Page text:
June 20, 2012 at 5:04 pm in Uncategorized by Kevin Mooneyhan 4 Comments
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On the Rez said on June 21, 2012
For heartbreaking stories about the unfortunate effects of government run and mandated participation, ask any health practitioner or patient of the Indian Health Service.
doris eisen said on June 22, 2012
In Dec. 2006 my 71 year old husbandDennis was diagnosed with having a kidney stone so lage that it had all ready thinned and damaged the wall of his kidney. The urologist felt that it was necessary address the problem immediately befor any more damage was done. The urologist felt that because of my husband’s age and other health issues ultrasound rather than surgery was the best solution. The doctor odered the procedure to be done within the week. However, even though time slots were available, my husband, because we were on medicare- blue Cross Blue shield, was told that he would have to wait over a month for the ulta-sound because medicare patients were only allowed the procedure on the first Tuesday of the month. We offered to pay out of pocket, but the surgeon told us he could not accept our money because if he did, he would lose his license. I contacted our congressman, Van hollen, but to no avail. My husband had to undergo a much more invasive five hour surgery. The doctor to my shock was reimbursed less than Six hundred dollars for spendng a full eight hours with us.the recovery of course was much longer and more difficult and painful, and the hospitalizaion had to have cost the tax-payers a great deal more. I’ve since had several surgeries myself, and the waste and fraud surrounding my own experiences with medicare was astonishing.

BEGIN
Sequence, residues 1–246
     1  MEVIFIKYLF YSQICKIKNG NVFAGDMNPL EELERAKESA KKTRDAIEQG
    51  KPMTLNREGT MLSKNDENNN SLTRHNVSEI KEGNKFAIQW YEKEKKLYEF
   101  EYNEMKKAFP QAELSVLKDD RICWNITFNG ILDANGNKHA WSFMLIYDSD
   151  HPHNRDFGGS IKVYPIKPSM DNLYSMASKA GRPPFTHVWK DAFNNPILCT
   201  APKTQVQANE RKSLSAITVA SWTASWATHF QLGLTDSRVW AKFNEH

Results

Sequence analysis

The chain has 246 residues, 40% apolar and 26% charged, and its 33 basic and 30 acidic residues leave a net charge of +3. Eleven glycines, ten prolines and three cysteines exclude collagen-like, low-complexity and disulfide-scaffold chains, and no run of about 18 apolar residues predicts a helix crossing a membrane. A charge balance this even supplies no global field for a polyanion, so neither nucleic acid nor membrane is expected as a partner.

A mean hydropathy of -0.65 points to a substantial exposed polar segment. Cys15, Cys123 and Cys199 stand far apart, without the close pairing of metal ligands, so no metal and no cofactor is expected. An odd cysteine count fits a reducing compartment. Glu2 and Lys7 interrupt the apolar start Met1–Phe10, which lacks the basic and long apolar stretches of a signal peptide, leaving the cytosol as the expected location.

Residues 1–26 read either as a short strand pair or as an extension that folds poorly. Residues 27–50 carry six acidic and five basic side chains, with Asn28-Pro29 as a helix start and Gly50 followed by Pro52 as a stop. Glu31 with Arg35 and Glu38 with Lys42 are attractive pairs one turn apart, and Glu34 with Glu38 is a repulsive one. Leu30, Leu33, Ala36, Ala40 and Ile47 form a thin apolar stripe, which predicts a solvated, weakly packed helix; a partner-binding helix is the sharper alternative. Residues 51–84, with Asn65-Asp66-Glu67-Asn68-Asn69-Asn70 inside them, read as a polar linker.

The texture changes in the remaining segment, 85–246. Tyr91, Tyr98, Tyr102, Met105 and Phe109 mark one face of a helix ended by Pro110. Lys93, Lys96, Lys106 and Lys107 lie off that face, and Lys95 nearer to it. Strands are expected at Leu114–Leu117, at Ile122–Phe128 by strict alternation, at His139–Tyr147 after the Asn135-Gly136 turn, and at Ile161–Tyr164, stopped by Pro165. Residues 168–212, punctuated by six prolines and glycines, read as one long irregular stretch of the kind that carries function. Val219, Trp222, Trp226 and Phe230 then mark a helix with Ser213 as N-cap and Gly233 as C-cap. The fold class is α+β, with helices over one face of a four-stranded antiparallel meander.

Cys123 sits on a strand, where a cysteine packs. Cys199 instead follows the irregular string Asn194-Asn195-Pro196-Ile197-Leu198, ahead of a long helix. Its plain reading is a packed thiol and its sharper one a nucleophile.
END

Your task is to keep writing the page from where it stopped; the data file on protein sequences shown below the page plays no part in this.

David Dows said on June 25, 2012
14 years ago, I was diagnosed with Congestive Heart Failure. Tests showed the electrical system of my heart was so damaged that I had to have a defibrilator placed internally to protect me from deadly arrythmias. A doctor from England told me that British citizens have to survive a near death experience before the national health care system would allow them to have a difibrilator implanted, due to criteria established to control costs there. But my private insurance paid for the device ($25K). In the ensuing years, the defibrilator saved my life at least once, and maybe a few other times. I have survived long enough to finally receive a heart transplant, no longer needing the defibrilator. But, remember, if I was British, or lived anywhere else under a national health health care system, I’d be dead.
David said on June 30, 2012
Last year I received a letter from my college saying they nearly tripled the cost of their health insurance plan because of the so called “Affordable” Care Act.
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